Relentless Poem by Ada Limón


Sun in the cool expressway underpass air
and Ma calls, says it's nice out today
during her long walk through the vineyard
where spring's pushed out every tizzy-tongued
flower known to the valley's bosom of light.
I say, Look, we're talking about the weather,
and she says, You know, it does help you
see the person you're talking to. (The difference
in a wind-blown winter's walk in January cold
and the loose steps of sun on far-off shoulders.)
Then I say, Now, we're talking about talking
about the weather. It's very meta of us.
Yes, she says, we could go on like this forever.
And it's been exactly two months since
C died, my hands holding her head, odd
extraordinary February sun gone down
on the smooth slope of green grass, and
all my father and I had done all day was
talk about two things: the weather and her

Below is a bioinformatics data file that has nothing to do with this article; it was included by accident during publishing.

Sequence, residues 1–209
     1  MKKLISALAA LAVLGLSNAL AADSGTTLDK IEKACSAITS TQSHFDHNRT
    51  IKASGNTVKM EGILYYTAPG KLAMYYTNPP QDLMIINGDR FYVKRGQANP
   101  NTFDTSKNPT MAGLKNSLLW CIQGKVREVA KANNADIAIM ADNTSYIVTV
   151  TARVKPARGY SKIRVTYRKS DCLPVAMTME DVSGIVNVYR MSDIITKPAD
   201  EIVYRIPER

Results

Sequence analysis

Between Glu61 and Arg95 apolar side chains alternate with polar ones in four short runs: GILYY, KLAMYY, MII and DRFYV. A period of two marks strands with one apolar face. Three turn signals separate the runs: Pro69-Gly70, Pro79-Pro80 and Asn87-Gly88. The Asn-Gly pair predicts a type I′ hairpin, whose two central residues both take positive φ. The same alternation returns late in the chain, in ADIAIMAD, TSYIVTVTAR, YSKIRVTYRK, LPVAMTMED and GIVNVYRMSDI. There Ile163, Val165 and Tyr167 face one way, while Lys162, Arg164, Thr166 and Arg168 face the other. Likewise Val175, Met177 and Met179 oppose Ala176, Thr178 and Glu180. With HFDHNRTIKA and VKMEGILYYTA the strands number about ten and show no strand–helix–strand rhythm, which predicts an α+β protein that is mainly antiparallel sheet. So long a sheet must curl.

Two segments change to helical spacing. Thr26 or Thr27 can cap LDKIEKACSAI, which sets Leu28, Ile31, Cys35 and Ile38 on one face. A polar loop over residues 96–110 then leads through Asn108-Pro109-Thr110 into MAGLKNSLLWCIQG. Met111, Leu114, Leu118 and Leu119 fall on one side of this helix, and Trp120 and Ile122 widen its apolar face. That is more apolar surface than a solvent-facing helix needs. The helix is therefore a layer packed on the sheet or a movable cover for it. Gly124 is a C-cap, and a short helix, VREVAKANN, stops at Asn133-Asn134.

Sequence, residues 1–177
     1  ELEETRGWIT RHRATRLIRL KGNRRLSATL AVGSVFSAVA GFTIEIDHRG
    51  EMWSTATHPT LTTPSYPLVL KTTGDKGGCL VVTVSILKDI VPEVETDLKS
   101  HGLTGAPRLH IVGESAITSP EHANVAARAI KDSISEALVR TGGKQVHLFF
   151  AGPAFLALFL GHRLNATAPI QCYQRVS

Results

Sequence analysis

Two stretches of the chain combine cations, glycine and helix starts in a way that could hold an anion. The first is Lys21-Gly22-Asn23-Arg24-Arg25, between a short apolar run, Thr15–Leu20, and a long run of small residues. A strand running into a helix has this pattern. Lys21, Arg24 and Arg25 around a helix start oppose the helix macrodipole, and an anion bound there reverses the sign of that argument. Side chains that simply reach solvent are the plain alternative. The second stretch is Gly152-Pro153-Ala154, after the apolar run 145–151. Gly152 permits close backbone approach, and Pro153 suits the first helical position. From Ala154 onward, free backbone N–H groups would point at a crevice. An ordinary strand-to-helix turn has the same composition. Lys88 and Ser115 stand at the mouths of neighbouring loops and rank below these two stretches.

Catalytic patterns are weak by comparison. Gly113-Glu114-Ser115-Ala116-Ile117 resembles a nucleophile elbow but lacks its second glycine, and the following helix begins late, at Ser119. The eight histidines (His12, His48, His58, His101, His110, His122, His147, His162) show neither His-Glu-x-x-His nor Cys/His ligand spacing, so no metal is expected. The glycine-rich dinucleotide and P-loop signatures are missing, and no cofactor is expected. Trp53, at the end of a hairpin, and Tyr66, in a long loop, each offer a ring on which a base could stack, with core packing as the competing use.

breathing. (That machine-body gone harsh
in its prolonging and the loud gasping sigh of dying,
thick as a hawk's cry, breaking out in the cloudless
atmosphere.) Some impossibly still moment,
we stood looking at the long field's pull
and we wanted her to die, for her sake,
wanted the motor of body to give up and go.
How strange this silent longing for death,
as if you could make the sun not come up,
the world's wheeling and wheeling its seasons
like a cruel continuation of stubborn force.
But that's not how it happens. Instead, light
escapes from the heart's room and for a moment
you believe the clock will stop itself. Absence.
You see: light escapes from a body at night
and in the morning, despite the oppressive vacancy
of her leaving's shadow, light comes up
over the mountains and it is and it is and it is.

Ada Limón

Ada Limón

Sonoma, California
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